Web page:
S. 2250 The Mortgage Forgiveness Tax Relief Act

Historically, debt cancelled or forgiven as part of a mortgage restructuring, default, or foreclosure proceeding is treated as taxable income.  In 2007, Congress enacted legislation providing a temporary tax exclusion of up to $2 million for income derived from forgiven mortgage debt.  After a subsequent extension, this tax exclusion is set to expire at the end of 2012.  S. 2250 was introduced by Senator Debbie Stabenow (D-MI) to extend the tax exclusion for forgiven mortgage debt through the end of 2014.In recent years, Congress has passed a number of legislative packages known as “tax extenders” to extend expired or expiring tax provisions that are used by businesses and individuals alike.  On August 2, 2012, the Senate Committee on Finance approved the Family and Business Tax Certainty Act of 2012, which included a number of these tax extenders, including a one year extension of the tax exclusion for forgiven mortgage debt through 2013.

It is not presently clear whether Senate Majority Leader Harry Reid (D-NV) will put either S. 2250 or the broader package of tax extenders on the Senate calendar during the upcoming lame duck session.

It’s time to be writing to our elected officials. If S. 2250 or something similar is not passed by the end of the year, any debt forgiven in a short sale will become taxable income for the seller.

Photo licensed from iStockPhoto | Source: Senator Kay Bailey Hutchison

Mortgage Forgiveness Debt Relief Act May Be Extended Through 2013

Short SalesSome good news from Washington today. According to the Daily Herald:

“A bill that would extend the Mortgage Forgiveness Debt Relief Act through 2013 has been passed by the Senate Finance Committee and advanced to the full chamber for possible action next month. The law spares homeowners who receive principal reductions on their home loans from being hit with hefty federal income taxes on amounts forgiven, extends tax write-offs for mortgage insurance premiums, and continues some energy-efficiency tax credits for remodeling and new home construction. The extension could affect millions of homeowners who are underwater, late on their payments and headed for foreclosure, short sales or deeds-in-lieu of foreclosure.”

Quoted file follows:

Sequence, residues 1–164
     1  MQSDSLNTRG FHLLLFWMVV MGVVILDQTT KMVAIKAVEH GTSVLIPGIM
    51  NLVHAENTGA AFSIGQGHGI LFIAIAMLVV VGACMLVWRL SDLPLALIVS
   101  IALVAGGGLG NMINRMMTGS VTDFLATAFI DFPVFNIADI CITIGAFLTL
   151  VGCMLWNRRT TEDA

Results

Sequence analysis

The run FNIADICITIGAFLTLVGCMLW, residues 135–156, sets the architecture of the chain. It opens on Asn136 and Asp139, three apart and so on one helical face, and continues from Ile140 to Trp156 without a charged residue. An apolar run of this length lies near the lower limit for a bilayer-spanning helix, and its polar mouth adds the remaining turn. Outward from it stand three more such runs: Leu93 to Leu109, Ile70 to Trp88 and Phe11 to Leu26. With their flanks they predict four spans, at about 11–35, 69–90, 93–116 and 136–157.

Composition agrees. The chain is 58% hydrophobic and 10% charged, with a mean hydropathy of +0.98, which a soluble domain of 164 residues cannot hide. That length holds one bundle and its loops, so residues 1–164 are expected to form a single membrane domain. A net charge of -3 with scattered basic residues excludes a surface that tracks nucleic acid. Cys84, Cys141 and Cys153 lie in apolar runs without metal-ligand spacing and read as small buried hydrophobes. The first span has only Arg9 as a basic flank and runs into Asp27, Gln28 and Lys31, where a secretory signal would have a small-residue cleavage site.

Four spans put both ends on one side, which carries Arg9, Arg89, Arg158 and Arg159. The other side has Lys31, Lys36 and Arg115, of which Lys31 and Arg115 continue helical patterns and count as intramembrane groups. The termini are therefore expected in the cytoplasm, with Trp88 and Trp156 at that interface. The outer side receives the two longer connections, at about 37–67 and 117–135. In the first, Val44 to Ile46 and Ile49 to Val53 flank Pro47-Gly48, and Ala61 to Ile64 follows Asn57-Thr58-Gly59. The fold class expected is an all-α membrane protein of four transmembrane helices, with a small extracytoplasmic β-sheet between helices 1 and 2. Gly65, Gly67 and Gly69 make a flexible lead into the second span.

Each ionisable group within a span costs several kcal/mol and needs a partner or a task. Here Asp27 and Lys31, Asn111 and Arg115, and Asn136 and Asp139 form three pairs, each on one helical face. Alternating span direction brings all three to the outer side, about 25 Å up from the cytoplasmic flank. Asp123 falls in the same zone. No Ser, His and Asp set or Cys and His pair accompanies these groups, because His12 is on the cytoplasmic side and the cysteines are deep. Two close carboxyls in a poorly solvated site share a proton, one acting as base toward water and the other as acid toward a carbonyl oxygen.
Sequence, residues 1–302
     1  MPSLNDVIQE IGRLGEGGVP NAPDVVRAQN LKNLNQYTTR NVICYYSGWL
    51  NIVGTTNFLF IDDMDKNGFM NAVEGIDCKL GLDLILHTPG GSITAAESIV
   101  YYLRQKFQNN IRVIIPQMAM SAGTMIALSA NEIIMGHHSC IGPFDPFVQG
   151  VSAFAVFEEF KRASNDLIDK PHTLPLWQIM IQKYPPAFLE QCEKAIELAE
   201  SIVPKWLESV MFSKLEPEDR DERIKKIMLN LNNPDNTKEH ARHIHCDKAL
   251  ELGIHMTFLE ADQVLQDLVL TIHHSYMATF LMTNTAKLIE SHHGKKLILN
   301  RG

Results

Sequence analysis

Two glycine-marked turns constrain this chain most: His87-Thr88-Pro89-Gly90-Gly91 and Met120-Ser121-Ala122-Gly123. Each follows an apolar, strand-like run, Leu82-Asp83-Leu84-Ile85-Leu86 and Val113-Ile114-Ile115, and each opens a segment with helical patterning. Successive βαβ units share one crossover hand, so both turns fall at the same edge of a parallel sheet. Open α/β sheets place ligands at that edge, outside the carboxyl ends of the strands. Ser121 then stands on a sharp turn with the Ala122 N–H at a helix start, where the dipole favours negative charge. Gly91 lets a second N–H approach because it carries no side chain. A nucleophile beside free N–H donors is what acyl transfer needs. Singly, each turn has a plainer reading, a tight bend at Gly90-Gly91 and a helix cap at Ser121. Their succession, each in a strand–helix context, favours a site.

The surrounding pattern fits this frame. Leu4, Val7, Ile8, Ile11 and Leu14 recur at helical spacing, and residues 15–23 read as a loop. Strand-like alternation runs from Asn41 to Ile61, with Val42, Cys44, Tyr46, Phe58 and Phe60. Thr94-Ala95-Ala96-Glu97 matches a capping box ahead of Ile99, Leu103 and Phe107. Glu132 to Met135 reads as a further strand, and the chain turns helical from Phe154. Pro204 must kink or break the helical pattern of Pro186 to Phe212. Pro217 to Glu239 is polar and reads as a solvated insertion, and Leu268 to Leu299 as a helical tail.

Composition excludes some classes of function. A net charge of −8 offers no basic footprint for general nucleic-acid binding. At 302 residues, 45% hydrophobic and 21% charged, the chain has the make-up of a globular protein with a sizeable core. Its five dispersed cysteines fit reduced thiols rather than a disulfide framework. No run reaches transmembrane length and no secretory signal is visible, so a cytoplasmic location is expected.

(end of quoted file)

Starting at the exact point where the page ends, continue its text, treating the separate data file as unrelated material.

This is great news for homeowners facing foreclosure or trying to complete a short sale of their primary home.

Photo Licensed from iStockPhoto

The Act has been extended. http://www.thebranchteam.com/wordpress/2013/01/02/mortgage-forgiveness-debt-relief-act-extended/

Thinking About a Short Sale? Tax Relief Ends in 2012

Short SalesYou may think Short Sales were created in response to the housing market meltdown in 2007, but they have been around for years.

As Gina and I wrote in our book, The Field Guide to Short Sales, “They have not been widely used in the past for two reasons:

1. The lender could seek a deficiency judgment against the borrower for the amount of the loss. Laws vary from State to State, but the lender was able to garnish wages, engage a collection agency to collect the debt, or seek other legal relief.

2. The lender can elect to forgive all or a portion of the mortgage balance. However, until 2007, the amount forgiven became taxable income. The lender simply issued an IRS Form 1099 to the borrower. The tax implications were dramatic. If the lender forgave $100,000 and issued an IRS Form 1099 to the borrower for the same amount, the borrower potentially wound up owing the IRS tens of thousands of dollars depending on their tax rate.

The Mortgage Forgiveness Debt Relief Act was a major piece of legislation passed by Congress and signed into law by President George W. Bush. The Act offered relief to homeowners, who, after a Short Sale, owed taxes on the forgiven mortgage debt. This relief is great news! Most homeowners no longer have to pay taxes on that forgiven debt. The Act applied to debts forgiven between 2007 and 2009, but was extended through 2012 by the Economic Stabilization Act of 2008.”

Unless Congress takes action to extend the Act, the relief from paying Federal taxes on forgiven debt will expire on December 31, 2012. This could end up costing a distressed homeowner tens of thousands of dollars in Federal taxes.

If you are considering a Short Sale, you may want to get started quickly. Given the time it takes to get the sale approved and the buyer to close, time is quickly running out.

Want to talk to a real estate team with a proved track-record and knows how to get them done? Contact us at 214-227-6626 or visit our website at www.ntxshortsales.com.

Photo licensed from iStockPhoto